Transnomadica teamed with the retailer to launch The Blue Chapter, a curation of vintage Japanese jeans, in a popup installation that will run through the month of April at Fred Segal’s Los Angeles store on Sunset Boulevard. The collection satiates every denim head’s fantasy with high-quality, naturally aged selvedge denim that’s been reconditioned for a second life.
Donadi has said before that these kinds of styles from small Japanese brands produced in limited quantities will be the future of vintage.
The popup lands during a time when Fred Segal’s role in denim is back in the spotlight. The retailer’s namesake died last month at the age of 87, leaving behind a legacy of connecting A-list celebrities with premium denim. The store’s origins are deeply rooted in indigo, having initially launched with an inventory that was 85 percent denim. Years later in 1960, he opened the world’s first “Jeans Bar,” offering men’s and women’s denim for upwards of $20 when jeans were typically only $3.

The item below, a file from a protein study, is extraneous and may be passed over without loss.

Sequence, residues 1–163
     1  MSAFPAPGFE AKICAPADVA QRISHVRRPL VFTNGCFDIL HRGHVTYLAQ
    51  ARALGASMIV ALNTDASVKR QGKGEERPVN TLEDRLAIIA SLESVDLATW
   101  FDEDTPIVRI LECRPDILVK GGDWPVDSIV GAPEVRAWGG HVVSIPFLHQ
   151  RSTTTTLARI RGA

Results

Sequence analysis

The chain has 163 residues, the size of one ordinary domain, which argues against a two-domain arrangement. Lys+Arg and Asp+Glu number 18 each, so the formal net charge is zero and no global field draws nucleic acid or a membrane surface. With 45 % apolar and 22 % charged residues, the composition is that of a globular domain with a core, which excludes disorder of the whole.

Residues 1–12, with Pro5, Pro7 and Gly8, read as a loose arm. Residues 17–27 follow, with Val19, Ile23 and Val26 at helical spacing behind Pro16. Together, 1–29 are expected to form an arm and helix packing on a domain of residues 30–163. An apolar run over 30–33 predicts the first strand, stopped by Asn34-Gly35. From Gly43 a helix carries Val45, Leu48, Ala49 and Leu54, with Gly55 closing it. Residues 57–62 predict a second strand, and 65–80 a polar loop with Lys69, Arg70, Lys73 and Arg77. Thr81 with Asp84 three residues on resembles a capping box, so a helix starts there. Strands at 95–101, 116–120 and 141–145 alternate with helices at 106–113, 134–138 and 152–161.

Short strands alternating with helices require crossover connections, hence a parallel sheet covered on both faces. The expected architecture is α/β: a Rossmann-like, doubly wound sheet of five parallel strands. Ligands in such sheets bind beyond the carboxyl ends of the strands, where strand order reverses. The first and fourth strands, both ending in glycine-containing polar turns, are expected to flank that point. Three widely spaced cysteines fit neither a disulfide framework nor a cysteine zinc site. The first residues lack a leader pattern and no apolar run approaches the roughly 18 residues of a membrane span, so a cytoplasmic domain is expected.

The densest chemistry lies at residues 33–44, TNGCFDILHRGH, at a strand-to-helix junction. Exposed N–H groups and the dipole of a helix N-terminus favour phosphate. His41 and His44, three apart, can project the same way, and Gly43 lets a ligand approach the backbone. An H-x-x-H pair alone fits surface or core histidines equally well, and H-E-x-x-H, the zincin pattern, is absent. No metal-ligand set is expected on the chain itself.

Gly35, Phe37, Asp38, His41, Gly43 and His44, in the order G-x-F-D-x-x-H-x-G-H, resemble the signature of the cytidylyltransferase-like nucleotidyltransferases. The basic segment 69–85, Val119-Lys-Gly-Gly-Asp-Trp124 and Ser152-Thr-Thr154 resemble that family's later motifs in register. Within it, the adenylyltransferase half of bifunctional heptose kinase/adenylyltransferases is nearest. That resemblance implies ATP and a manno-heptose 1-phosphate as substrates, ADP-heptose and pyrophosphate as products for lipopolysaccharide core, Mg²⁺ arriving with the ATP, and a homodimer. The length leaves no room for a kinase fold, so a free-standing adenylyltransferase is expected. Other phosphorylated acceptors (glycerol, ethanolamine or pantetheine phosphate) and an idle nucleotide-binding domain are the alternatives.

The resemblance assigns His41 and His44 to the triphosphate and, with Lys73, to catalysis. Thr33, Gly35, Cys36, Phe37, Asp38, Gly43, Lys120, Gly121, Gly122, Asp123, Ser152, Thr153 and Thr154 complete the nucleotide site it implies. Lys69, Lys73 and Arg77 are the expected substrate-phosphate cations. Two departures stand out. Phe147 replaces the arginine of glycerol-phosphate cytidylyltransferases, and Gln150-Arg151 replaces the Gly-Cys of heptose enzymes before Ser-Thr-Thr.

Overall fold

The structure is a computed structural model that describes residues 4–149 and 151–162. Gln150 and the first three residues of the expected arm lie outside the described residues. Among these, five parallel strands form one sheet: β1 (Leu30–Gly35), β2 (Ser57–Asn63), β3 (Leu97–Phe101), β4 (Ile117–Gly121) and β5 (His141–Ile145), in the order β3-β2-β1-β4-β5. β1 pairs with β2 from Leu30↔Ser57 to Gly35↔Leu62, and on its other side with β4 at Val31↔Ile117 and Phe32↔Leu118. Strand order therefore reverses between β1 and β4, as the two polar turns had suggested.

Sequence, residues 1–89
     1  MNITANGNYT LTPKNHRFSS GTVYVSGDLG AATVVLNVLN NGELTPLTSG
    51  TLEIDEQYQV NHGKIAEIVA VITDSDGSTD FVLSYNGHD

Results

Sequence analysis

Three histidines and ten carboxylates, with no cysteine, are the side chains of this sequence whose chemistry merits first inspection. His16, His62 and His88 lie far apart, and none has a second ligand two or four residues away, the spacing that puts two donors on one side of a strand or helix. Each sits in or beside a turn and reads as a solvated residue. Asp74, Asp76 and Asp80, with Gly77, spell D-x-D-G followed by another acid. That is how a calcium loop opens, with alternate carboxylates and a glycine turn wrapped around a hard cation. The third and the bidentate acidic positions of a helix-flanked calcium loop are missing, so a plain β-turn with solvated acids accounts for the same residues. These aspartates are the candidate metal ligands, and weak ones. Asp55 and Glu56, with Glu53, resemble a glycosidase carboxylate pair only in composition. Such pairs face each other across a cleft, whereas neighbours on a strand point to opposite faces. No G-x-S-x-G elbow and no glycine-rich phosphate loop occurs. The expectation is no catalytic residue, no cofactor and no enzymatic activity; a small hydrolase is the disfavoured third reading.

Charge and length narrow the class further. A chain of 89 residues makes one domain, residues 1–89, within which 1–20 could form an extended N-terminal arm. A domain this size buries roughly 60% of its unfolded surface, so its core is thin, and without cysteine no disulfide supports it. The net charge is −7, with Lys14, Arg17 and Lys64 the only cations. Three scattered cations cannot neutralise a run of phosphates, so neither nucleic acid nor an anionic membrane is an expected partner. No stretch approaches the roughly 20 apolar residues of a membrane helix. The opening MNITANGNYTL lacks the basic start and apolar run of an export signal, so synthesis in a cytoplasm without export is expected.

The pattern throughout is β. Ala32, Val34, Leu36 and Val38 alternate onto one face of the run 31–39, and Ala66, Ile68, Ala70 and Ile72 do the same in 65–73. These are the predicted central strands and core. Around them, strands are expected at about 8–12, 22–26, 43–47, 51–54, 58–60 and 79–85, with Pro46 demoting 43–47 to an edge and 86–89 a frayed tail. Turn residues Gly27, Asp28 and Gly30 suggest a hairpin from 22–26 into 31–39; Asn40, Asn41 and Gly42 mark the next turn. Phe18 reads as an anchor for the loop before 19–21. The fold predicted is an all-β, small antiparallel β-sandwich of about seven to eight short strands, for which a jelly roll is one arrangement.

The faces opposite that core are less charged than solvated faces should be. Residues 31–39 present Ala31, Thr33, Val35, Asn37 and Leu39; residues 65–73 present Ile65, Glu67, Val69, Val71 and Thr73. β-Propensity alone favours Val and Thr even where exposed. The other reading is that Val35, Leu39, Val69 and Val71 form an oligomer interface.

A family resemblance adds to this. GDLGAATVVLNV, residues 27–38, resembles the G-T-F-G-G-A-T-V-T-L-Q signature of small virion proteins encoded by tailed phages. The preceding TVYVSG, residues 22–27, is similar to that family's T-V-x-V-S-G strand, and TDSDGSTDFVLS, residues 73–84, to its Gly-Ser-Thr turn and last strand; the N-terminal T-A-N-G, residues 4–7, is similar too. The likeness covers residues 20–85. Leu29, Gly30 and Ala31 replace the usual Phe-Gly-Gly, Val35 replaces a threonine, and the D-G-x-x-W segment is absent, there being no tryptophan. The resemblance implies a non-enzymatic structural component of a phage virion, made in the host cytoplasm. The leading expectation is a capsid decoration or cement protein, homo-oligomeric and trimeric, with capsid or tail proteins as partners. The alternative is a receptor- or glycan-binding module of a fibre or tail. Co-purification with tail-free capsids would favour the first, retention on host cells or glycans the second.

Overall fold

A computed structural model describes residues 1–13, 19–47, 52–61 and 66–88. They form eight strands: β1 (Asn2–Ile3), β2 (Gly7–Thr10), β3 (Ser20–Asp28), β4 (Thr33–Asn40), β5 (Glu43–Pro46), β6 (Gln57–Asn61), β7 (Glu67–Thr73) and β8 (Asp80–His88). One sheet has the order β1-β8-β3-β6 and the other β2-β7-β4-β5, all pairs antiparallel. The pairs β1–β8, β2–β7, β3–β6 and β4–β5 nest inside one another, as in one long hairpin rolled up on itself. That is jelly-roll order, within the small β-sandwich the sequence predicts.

At the Transnomadica popup, one-of-a-kind vintage denim will range from $80-$500 and celebrate the craftsmanship of authentic denim.
Transnomadica began in 2020 as an online marketplace for vintage, used and archival pieces spanning denim, military, workwear and alternative fashion. Though Donadi’s other vintage apparel project Atelier & Repairs centers on transforming leftover stock into new styles, the goal of Transnomadica is to preserve and celebrate the traditional elements of vintage denim.
With such an expansive collection of vintage gems, Donadi is now focused on sharing his finds with the world. In February, Transnomadica teamed with Dockers to release a collection of khakis designed before the year 2000, marking the reboot of khakis as well as Dockers’ second collaboration with Donadi. The first was an Atelier & Repairs collaboration that reimagined Dockers’ signature khaki style with upcycled and utilitarian elements to promote sustainability. The collection was accompanied by original blog content and photos by Transnomadica that tracked the history of khakis and celebrated their range and diversity.